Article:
FALMOUTH, Mass.March 14, 2022PRLog — A new set of satellite radar derived images provide a novel view of the face of Earth in unprecedented detail, advancing understanding of natural and human changes that occur over the course of a year. Such information is crucial to improve decision-making at regional, national,

and international levels, and to disaster planning and preparedness.

The data and images from the European Space Agency’s Sentinel 1A and 1B satellites and its analysis was published in the journal Scientific Data ( https://www.nature.com/articles/s41597-022-01189-6) on Friday, March 11, by a team of scientists and engineers at Earth Big Data, LLC; Gamma Remote Sensing AG; NASA’s Jet Propulsion Laboratory (JPL); University of Houston; and NASA Goddard Space Flight Center.

“This is Earth as we’ve never seen it before,” said Josef Kellndorfer, founder of Earth Big Data, LLC, and lead author of the study. “This level of detail will enable a far more nuanced understanding of how our planet is changing throughout the year and beyond.”

The Sentinel-1 satellites orbit Earth once every 90 minutes and use synthetic aperture radar

(SAR) technology to create detailed images of the geo- and biophysical state of the land, ice, and water below. Unlike optical imagery of Earth’s surface, which relies on light from the sun and can be blocked by clouds, dust, or smoke, SAR uses microwave energy to peer through any haze, and can even image the ground at night. In addition, consecutive images of the same location allow for detecting interference patterns, which reveal millimeter- to centimeter-scale deformations of the Earth surface. This technique, known as SAR interferometry, is a powerful way to evaluate deformations associated with tectonic activity, groundwater extraction, mining, landslides, or the inflation of volcanoes poised to erupt.

For their study, funded by JPL, the team looked at a full year of Sentinel-1 data—from December 1, 2019, to November 30, 2020—and separated the data into seasonal groups:

December-February, March-May, June-August, and September-November. Over the course of the year, both satellites passed over every point on land from 82 North to 79 South between 30 and 60 times. The resulting Petabyte (1,000 Terabytes) of data was processed with massive cloud-computing capacity, available through Amazon Web Services, in less than five days to produce this novel data set. At a resolution of 90 meters (300 feet), this data set unlocks for the first time the power of spaceborne radar interferometry at global scale. In addition to informing NASA and other space agencies’ efforts designing future SAR missions, as well as geophysicists interested in surface deformation, the results of this work benefit a range of scientists and decision-makers who study topics like seasonal dynamics of vegetation, global areas of agricultural activity, land use change, soil moisture and irrigation patterns, or sea and inland ice extent and motion.

“This is really just a first step,” said Kellndorfer, who is also a member of NASA’s Science Team for the NISAR radar satellite mission which is slated to launch in partnership with the Indian Space Agency by early 2024, and will collect interferometry-capable and openly accessible data for years to come. “The real utility of this data is yet to be seen, but it will undoubtedly set the stage for smarter, more robust decision-making, endless scientific questions, and a long line of PhD students for years to come.”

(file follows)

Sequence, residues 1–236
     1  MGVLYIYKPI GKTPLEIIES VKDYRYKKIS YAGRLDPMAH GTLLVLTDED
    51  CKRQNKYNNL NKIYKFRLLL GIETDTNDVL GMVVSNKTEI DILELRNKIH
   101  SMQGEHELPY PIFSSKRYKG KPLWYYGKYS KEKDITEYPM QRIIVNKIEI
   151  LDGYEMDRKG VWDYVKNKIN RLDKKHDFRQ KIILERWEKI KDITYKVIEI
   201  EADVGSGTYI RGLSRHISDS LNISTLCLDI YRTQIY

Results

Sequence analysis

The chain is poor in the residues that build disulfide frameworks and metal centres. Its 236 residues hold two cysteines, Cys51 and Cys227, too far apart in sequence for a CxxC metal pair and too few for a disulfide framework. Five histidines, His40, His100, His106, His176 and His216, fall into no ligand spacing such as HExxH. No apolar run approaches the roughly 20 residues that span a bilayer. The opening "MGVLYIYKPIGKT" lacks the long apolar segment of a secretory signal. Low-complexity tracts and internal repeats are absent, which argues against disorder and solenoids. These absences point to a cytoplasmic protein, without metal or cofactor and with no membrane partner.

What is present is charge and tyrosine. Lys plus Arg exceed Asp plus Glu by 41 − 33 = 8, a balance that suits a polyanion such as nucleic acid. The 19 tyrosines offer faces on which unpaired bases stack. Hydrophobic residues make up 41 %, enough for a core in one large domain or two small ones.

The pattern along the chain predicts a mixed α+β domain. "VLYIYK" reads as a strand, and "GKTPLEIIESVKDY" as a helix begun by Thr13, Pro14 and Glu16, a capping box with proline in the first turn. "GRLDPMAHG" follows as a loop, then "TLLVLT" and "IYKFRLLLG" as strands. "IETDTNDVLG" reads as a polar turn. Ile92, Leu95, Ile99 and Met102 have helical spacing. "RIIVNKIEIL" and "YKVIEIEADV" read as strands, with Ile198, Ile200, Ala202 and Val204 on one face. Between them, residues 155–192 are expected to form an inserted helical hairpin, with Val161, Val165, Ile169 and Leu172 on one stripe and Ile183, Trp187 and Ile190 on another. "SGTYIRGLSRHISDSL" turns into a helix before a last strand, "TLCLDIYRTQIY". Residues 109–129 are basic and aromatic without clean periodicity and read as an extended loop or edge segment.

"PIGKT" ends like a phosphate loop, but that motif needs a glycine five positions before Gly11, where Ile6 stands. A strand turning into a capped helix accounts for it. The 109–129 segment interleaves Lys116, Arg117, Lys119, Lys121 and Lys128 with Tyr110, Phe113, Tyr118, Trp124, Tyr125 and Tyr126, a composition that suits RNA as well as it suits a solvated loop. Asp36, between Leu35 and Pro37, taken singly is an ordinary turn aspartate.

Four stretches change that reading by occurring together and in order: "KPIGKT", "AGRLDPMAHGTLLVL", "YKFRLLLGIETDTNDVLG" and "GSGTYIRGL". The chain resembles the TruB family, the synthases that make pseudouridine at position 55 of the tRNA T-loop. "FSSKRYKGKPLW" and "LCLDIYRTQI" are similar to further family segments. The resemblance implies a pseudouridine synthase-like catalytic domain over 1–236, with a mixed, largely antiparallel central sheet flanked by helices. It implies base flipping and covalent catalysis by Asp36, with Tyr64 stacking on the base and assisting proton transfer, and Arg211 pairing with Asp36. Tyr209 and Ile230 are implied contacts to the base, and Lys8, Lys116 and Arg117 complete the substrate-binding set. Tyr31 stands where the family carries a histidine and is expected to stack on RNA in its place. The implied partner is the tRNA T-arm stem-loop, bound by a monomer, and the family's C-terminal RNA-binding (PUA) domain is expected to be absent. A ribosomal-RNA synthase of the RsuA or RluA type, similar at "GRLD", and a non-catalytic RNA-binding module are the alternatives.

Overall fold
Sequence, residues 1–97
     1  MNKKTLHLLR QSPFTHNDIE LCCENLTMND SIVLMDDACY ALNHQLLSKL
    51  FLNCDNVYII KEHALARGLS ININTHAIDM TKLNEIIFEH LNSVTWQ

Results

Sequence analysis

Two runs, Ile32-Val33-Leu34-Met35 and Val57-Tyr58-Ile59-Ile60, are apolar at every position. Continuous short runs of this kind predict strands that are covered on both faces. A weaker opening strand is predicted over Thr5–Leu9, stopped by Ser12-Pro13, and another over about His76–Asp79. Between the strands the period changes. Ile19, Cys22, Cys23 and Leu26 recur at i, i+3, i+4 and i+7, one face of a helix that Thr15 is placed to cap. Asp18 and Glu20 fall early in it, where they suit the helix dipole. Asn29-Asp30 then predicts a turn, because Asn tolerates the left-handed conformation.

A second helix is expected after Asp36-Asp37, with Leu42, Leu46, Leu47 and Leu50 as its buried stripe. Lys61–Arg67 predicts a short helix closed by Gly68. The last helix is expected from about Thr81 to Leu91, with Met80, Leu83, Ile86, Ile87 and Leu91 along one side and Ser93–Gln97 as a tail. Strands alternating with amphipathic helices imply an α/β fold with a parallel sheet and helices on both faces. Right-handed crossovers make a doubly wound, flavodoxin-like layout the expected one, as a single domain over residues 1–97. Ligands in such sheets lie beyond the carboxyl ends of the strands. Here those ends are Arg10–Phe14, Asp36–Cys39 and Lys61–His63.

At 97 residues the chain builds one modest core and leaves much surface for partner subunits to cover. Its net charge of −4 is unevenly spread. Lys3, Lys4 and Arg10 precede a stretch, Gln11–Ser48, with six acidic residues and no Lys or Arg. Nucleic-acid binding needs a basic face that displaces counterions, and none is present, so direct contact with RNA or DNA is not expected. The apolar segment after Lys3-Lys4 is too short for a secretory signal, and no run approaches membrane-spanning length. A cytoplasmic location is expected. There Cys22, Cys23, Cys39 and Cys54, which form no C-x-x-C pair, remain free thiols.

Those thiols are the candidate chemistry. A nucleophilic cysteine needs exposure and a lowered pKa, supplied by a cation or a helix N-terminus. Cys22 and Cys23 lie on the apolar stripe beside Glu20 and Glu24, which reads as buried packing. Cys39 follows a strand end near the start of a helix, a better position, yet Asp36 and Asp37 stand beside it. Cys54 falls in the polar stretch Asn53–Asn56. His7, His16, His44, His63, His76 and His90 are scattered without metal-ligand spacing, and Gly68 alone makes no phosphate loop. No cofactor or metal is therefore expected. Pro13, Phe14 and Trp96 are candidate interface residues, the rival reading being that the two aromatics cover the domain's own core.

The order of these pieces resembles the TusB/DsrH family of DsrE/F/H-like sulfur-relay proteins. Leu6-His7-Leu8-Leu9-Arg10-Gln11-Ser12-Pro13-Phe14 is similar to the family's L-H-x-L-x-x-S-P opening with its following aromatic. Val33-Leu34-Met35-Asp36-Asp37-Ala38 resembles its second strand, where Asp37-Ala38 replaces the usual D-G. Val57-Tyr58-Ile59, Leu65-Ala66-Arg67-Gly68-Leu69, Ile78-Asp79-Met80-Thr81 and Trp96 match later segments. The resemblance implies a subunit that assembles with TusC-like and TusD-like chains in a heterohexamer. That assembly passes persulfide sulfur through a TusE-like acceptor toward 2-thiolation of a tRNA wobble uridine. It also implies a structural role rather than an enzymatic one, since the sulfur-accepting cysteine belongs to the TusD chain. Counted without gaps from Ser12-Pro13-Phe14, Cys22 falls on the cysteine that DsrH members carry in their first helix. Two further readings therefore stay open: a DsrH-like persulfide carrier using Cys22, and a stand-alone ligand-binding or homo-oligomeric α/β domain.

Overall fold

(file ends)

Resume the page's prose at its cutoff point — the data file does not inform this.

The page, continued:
Oliver Cartus of Gamma Remote Sensing, Switzerland, and co-author of the study, added, “It is exciting to demonstrate that the wealth of information contained in interferometric radar data acquired by current SAR missions such as Sentinel-1 or upcoming missions such as NISAR becomes accessible at global scale with the computational power offered by modern cloud systems.”

The published paper, all of the imagery and data from the study is open-access and freely

available at the NASA Alaska Satellite Facility Distributed Active Archive Centers (https://asf.alaska.edu/datasets/derived/global-seasonal-s…) and via the Registry of Open Data on AWS (https://registry.opendata.aws/ebd-sentinel-1-global-coher…). Tools to access, display, and analyze the data set are available via the computer source code community platform Github and can readily be ingested into geographic information systems.


About Earth Big Data LLC

Earth Big Data LLC (EBD), Woods Hole, MA, was founded in 2015 to address the big

environmental challenges of our time by providing access to modern computational tools and

that mine large Earth observation data sets. EBD is a fully cloud-based company and committed to open-source solutions that are scalable, flexible, and optimized to a wide range of budgets, deadlines, and objectives.

About Gamma Remote Sensing

Gamma Remote Sensing is a Swiss company involved in the development of satellite SAR

interferometry techniques and applications since the early days. It is appreciated for its software suite, terrestrial radar instruments, services, and consulting.